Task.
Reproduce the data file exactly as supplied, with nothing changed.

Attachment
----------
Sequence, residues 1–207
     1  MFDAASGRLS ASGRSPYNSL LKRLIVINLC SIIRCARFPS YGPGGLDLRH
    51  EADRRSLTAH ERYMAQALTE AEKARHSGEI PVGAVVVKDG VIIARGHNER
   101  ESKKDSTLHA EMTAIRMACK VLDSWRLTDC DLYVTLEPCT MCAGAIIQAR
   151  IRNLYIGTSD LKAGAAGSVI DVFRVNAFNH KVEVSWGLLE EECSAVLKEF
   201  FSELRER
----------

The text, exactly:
Sequence, residues 1–207
     1  MFDAASGRLS ASGRSPYNSL LKRLIVINLC SIIRCARFPS YGPGGLDLRH
    51  EADRRSLTAH ERYMAQALTE AEKARHSGEI PVGAVVVKDG VIIARGHNER
   101  ESKKDSTLHA EMTAIRMACK VLDSWRLTDC DLYVTLEPCT MCAGAIIQAR
   151  IRNLYIGTSD LKAGAAGSVI DVFRVNAFNH KVEVSWGLLE EECSAVLKEF
   201  FSELRER